- There are a myriad nonprofits working for a better future for New Orleans. Even from hundreds of miles away, people may find ways to connect with and support the efforts of these groups. I’ll recommend a few that I can personally vouch for: Think New Orleans, The Urban Conservancy, Friends of Lafitte Corridor, Mid-City Neighborhood Organization.
I’m sure there are many, many other ways that people can help. Feel free to post your ideas in the comments.
What I always ask is for people to call and write their Representatives and Senators to visit New Orleans and see the situation. That is, I think, the single easiest and most useful thing they can do.
No one realizes the extent of the devastation until they see it. No one who has seen it can deny the need.
You can check up on who has visited here
Thanks so much- this is exactly what i needed. We have donated money- sent “goods” but still feel helpless to make a “real” difference. I am a stay at home mom of a 3 and 4 year old, so traveling to NO isn’t and option today… I will write/read/call and continue to get the word out in my community regarding the lack of progress.
So glad you all had fun at kdV – loved the float-
If our protective swamps, marshes and coastline disappear, then everything we stand for to resurrect southern Louisiana will all be for naught. Please lobby in any way possible for funding of Louisiana coastal restoration. If we can get some attention steered towards this issue, like the Chesapeake Bay Watershed has received over the years, then we will be doing really good.
I like the idea of an 8/29 Commission modeled on the 9/11 Commission to get to the bottom of the levee failures put together by the Levees.org people:
The Commission in and of itself wouldn’t improve our levees but it could certainly help us make the case re: the culpability of the Army Corps.
I second the swamp and wetlands education. I think it ought to be mandatory for all of this country. I think every legislator should also be sent a copy of Robert Polidori’s “After The Flood” to drive it all home.
Just my two cents…
Nolanik had these a while back:
Great links, people.
The idea of an 8/29 Commission is being pushed by Levees.org, and they definitely deserve a link here:
Levees.org is a membership organization dedicated to holding the Army Corps of Engineers accountable for all that they do. The recent news stories about faulty levees across the country means this is definitely an organization of interest to all Americans.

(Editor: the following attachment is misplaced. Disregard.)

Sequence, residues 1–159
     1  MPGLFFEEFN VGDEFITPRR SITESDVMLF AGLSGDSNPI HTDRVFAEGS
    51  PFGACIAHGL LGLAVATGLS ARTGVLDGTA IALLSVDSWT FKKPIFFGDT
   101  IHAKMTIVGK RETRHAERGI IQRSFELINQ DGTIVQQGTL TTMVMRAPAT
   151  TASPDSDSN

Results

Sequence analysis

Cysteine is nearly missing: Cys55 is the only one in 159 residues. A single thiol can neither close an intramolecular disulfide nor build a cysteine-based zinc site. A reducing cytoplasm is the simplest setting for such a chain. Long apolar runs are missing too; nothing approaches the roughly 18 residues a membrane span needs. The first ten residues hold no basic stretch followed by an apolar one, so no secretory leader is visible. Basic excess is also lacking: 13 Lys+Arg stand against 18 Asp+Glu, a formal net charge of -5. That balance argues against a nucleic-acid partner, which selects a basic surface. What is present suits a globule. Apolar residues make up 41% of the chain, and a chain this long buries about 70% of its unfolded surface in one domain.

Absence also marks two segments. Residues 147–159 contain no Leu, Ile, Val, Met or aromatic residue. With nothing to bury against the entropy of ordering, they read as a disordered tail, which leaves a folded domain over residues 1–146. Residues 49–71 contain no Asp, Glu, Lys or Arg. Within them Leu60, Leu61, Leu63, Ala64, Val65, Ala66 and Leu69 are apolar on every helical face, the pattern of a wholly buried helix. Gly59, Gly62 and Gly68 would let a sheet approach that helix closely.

I’ve been checking in with your blog regularly of late thanks to my daughter Corina having a link on her blog page. Knowing you, I really get a lot out of what you have been writing. I especially appreciate your recent post on How To Help, because after watching Spike Lee’s “When the Levees Broke” last weekend I’m enraged, depressed, saddened, freaked out all over again about what happened down there. I’m one of those “tourists” (at least 25 visits since 1977) who always felt at home there, and homesick when away. And as you know, I started up the Mardi Gras party that still rolls on here in Bloomington, although The Wild Raccoons are no longer performing. What I’m getting at is that sense of frustration of wanting to drop everything and come to NOLA indefinitely and do whatever I can, but knowing that I have commitments here that prevent that. So the stuff you post really helps. I’ll try to do what I can from up here and who knows, maybe I’ll show up down there soon. Give my best to Xy. Jim Manion
Thanks for this post and all the valuable links. I have posted a link to this one and hope you don’t mind. I am usually a lurker here, since I am a transplanted native and want to know what is going on in my native city. It is in fine and capable hands thanks to quite a few of you local bloggers and YOU, this great transplant from Indiana. I have a sister recently returned fro Houston. She now lives in Metairie. She is so grateful to be back in NOLA.
If my health improves by spring, I may be coming down with my church group to help out.
Thanks for all y’all are doing to get the word out and remain sane.
Many blessings to you and Xy.